What does success look like in Mississippi’s public schools? This relatively simple question can lead to some complicated answers.
Many evaluate the success of our public schools based on inputs, such as fully funding Mississippi’s adequate education formula. Others may evaluate success by outputs, such as how many students meet or exceed expected performance goals on standardized tests. Still others look for qualitative signs that schools are clean, orderly, and adorned with positive “You can do it!” messages in the hallways.
But what if success actually looks like failure?
[column size=”two-third”] In his book, “How Children Succeed,” Paul Tough raises this question by investigating something much deeper than money or rigorous standardized tests can reveal: character education. Tough concludes that traits such as determination, curiosity, and self-confidence are better predictors of life success than mere cognitive intelligence. These critical skills can only be developed by facing and overcoming failure. [/column]
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[alert type=”info”]For more information about the character-building programs at Riverdale and KIPP — and the research behind them — read Tough’s New York Times Magazine piece here. [/alert][/column]
Tough’s research found that character education was lacking in schools across the socioeconomic spectrum. Our most affluent kids often grow up in insulated environments where opportunity and praise are delivered free of obstacle, while those born into poverty rarely receive the necessary support to turn their daily struggles into character-building lessons.
A focal point of Tough’s argument came from interviews with two school leaders who are working to integrate character education on different ends of this socioeconomic divide. Dominic Randolph, headmaster of the prestigious Riverdale Country School in New York City – pre-kindergarten tuition starts at $38,500 a year – had sensed that the national push on standardized testing, including at his school, was “missing out on some serious parts of what it means to be human.” Under his leadership, Riverdale has scrapped Advanced Placement classes and limited homework. He has launched a character initiative to equip his high-achieving students with the ability to deal with adversity.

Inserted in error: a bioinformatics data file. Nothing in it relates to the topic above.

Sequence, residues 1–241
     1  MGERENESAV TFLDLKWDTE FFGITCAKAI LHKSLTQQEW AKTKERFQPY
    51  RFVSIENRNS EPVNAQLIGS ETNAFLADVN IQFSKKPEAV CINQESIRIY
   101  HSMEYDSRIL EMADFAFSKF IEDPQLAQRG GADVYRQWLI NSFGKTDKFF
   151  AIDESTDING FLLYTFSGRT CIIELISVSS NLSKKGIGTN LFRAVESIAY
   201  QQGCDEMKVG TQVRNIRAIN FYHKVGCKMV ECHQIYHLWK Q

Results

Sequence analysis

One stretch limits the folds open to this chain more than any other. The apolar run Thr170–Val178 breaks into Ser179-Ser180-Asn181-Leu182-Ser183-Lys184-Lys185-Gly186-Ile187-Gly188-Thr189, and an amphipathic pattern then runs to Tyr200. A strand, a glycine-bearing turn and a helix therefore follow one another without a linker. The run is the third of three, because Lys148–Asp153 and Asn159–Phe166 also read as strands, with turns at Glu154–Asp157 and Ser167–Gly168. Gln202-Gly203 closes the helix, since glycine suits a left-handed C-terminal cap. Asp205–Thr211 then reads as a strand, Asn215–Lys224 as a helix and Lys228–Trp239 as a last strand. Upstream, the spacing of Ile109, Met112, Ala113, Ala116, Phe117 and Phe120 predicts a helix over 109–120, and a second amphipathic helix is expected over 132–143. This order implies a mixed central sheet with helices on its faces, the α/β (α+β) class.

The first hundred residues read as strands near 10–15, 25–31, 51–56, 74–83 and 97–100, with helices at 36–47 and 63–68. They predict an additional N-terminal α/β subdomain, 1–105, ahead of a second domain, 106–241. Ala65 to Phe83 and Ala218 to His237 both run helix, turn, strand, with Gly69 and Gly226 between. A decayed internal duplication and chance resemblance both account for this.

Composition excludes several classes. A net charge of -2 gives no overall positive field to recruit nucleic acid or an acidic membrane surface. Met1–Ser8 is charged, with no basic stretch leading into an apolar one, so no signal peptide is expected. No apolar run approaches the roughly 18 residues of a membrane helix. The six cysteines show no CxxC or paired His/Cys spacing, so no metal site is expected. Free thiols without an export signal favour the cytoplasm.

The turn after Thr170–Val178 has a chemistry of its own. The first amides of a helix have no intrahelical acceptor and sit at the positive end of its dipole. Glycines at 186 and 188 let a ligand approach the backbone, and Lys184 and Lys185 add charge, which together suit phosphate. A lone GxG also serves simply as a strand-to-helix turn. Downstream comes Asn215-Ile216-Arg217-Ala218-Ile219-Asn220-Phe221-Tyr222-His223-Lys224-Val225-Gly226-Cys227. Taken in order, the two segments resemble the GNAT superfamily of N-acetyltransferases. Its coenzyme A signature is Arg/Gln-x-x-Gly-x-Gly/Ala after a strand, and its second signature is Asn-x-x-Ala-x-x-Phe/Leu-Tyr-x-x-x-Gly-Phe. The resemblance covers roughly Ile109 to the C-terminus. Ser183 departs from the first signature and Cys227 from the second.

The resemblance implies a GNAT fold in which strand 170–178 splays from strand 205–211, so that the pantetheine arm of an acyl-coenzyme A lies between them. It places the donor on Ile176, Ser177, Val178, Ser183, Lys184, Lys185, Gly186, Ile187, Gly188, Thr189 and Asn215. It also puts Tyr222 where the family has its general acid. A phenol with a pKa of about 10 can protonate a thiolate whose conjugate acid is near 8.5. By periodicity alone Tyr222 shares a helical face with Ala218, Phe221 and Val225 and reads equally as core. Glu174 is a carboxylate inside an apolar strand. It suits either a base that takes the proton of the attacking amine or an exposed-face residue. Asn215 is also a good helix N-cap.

Randolph has collaborated closely with Dave Levin, co-founder the Knowledge is Power Program (KIPP), one of the best-performing charter school networks in the nation. KIPP’s mostly low-income students often receive the highest test scores of all public schools in New York City, and many eventually win admission to selective colleges and universities. But Levin noticed that too many of his students were dropping out of college once they got there. As he examined this trend, he noticed that the former KIPP students who did well in college were not necessarily the ones with the best high school test scores. Rather, the students who graduated from college were often the students who showed exceptional character strengths such as persistence, optimism, and social intelligence.
So what can Mississippi learn from the experience of Randolph and Levin? It’s not that they have all the answers. Quite the opposite, in fact: it’s that they know they don’t.
They do, however, have the flexibility to think about problems in new ways. That’s what led Levin and his team at KIPP to track the success of their students after they graduated and went to college, and for Randolph to do away with traditional college prep classes. They asked tough questions of themselves and sought out new ways to define and achieve success.
Instead of picking one model over another, Mississippi’s education system should focus on the bigger picture: How can our learning environments be constructed to promote, rather than stifle, innovation? By any definition of success, Mississippi’s schools fall short of national and international standards. Doing things the same old way is not a viable option.
The innovative classrooms at KIPP and Riverdale now teach their students to stand up to their challenges rather than to shrink from them. Mississippi’s educational institutions and stakeholders should embrace the same values.
It starts by advocating for flexibility in school leadership. The decision-makers in our public schools must be given the chance to create policies and practices that will meaningfully transform the lives of students.
How can we in Mississippi create opportunities for more innovative and high-capacity leadership? Charter schools are one way to attract such individuals, but our traditional administrator preparation programs also must reinvent themselves.
Innovation shouldn’t be a bad word in public education. For the sake of Mississippi’s children, we must recognize our failures, take risks, and seek out practical solutions. If those are the qualities that have been proven to help our children succeed in life, then shouldn’t we try them as well?
Front page photo courtesy of Jackie Mader.